Today on Mitlin Money Mindset™ we are joined by Jordan Linn. He is a partner with Tannenbaum Helpern Syracuse & Hirschtritt’s trusts and estates practice group. Jordan brings an uncompromising commitment to providing each and every client with responsive, efficient, and sophisticated counsel. Jordan has more than 20 years of experience structuring and executing sophisticated gift estate and generation-skipping tax planning techniques. He represents clients in preparing their last will and testaments, trust agreements, and advanced directives. When the time comes Jordan guides them through the administration process. He has been able to use his expertise to help his clients address the often avoided topic of death in a way that makes them feel comfortable and allows their wishes to be followed. This is an extremely important part of the planning process. He is an excellent attorney and someone that I’ve had the privilege to call a friend for 20 plus years.
You will want to hear this episode if you are interested in…
- What is Jordan’s focus at the firm? [2:14]
- At what point should people start thinking about estate planning? [7:33]
- What are the staple documents people should have in place? [8:59]
- Things to consider when your child is 18 and heading to college. [11:23]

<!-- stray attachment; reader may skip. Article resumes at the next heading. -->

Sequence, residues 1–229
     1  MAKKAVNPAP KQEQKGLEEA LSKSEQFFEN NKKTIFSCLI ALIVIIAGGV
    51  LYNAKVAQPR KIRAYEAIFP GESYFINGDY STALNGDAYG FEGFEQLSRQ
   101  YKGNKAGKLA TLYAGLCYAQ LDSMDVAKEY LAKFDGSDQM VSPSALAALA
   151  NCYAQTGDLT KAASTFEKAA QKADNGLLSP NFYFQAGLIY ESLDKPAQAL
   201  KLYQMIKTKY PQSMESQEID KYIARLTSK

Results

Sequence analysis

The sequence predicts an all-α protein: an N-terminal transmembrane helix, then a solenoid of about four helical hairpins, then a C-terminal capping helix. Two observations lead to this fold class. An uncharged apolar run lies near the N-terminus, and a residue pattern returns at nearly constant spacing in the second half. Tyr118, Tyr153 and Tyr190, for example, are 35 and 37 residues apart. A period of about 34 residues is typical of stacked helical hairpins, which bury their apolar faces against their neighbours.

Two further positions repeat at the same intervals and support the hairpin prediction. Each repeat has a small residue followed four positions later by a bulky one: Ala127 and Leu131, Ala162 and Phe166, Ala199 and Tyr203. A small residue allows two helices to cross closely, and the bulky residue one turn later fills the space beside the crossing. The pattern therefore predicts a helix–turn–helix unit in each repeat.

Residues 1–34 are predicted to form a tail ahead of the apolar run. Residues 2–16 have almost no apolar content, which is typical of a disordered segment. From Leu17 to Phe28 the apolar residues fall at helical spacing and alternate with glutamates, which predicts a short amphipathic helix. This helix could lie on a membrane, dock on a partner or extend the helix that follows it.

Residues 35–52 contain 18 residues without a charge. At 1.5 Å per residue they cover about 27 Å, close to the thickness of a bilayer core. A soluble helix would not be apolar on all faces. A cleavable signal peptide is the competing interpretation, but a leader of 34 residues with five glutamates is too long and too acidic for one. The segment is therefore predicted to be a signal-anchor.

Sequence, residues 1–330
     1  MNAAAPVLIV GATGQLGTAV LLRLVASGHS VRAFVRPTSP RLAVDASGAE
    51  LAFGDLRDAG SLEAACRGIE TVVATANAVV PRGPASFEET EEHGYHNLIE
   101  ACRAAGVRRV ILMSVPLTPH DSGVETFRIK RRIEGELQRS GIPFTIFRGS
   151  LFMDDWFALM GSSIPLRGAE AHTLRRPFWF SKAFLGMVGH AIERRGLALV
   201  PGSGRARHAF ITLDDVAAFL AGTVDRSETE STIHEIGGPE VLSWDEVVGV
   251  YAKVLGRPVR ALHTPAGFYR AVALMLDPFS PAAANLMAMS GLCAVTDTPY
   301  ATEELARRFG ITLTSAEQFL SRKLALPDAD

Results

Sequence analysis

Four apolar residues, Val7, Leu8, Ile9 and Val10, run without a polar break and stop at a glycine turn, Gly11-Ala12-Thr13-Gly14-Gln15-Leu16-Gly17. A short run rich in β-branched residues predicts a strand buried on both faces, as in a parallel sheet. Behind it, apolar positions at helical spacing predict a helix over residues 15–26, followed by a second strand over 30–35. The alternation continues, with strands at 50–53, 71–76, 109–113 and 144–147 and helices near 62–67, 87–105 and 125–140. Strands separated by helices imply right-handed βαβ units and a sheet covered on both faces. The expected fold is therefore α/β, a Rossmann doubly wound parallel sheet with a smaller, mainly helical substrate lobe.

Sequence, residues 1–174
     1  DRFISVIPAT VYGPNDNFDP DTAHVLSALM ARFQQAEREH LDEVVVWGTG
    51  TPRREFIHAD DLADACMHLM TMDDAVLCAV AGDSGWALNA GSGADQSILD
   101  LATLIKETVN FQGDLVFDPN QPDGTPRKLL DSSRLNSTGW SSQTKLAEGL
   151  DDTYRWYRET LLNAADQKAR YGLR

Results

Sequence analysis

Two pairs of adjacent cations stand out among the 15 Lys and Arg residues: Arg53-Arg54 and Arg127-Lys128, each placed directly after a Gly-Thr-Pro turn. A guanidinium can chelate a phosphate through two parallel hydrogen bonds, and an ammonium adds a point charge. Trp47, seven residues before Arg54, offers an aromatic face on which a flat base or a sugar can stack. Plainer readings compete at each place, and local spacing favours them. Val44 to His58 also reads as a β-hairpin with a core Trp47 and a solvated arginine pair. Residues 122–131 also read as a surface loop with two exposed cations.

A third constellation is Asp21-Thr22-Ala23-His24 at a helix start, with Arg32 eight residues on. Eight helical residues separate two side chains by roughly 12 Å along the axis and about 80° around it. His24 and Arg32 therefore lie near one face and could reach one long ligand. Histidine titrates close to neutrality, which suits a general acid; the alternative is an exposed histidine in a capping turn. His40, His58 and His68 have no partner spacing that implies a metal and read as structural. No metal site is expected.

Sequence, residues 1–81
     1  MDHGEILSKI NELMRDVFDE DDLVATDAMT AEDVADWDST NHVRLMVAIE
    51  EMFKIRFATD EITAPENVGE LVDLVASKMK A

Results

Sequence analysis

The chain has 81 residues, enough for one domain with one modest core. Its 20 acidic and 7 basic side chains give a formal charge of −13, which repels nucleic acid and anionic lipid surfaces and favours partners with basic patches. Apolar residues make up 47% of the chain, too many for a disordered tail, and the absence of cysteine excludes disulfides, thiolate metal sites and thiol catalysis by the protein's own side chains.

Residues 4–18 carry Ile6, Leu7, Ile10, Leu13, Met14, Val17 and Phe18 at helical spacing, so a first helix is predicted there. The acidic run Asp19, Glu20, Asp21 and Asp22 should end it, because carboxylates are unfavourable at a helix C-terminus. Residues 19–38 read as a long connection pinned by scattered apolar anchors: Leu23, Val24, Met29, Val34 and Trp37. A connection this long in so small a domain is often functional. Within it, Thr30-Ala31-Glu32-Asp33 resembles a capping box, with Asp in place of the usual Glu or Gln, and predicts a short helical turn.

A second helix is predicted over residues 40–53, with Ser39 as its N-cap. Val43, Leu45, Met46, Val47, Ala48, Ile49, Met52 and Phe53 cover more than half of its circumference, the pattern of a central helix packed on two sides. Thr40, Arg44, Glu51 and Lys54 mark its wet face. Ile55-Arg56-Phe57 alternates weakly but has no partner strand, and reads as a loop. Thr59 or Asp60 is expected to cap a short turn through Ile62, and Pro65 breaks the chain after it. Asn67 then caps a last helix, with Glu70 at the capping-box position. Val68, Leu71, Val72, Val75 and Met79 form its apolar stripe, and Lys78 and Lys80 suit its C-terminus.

- Do trusts help people avoid taxes? [12:35]
- Misconceptions about what’s included in the trust. [17:10]
- Different types of planners and what they do. [20:52]
- Estate planning for business owners. [25:38]
- What Jordan did today that put him/her in the right mindset for success? [31:25]
Is there a certain age that should prompt someone to start estate planning?
For young people, estate planning seems like something that’s far down the road. The older you get the more important things like this become. At what age should people start thinking about starting an estate plan and moving forward in that process? Jordan says it’s not age as much as it is what you have in your life. Your most valuable asset is your children so if you have kids you should have some type of estate planning documents in place. It’s important for everyone to have a will if for no other reason than a will allows you to designate who would be the guardian of any minor children if something were to happen to you.
Do you have the bare minimum in place when it comes to your estate?
Jordan says building an estate plan is like building a house. You have to start with a good foundation and build up from there. In estate planning your foundation is a basic set of documents that everyone needs.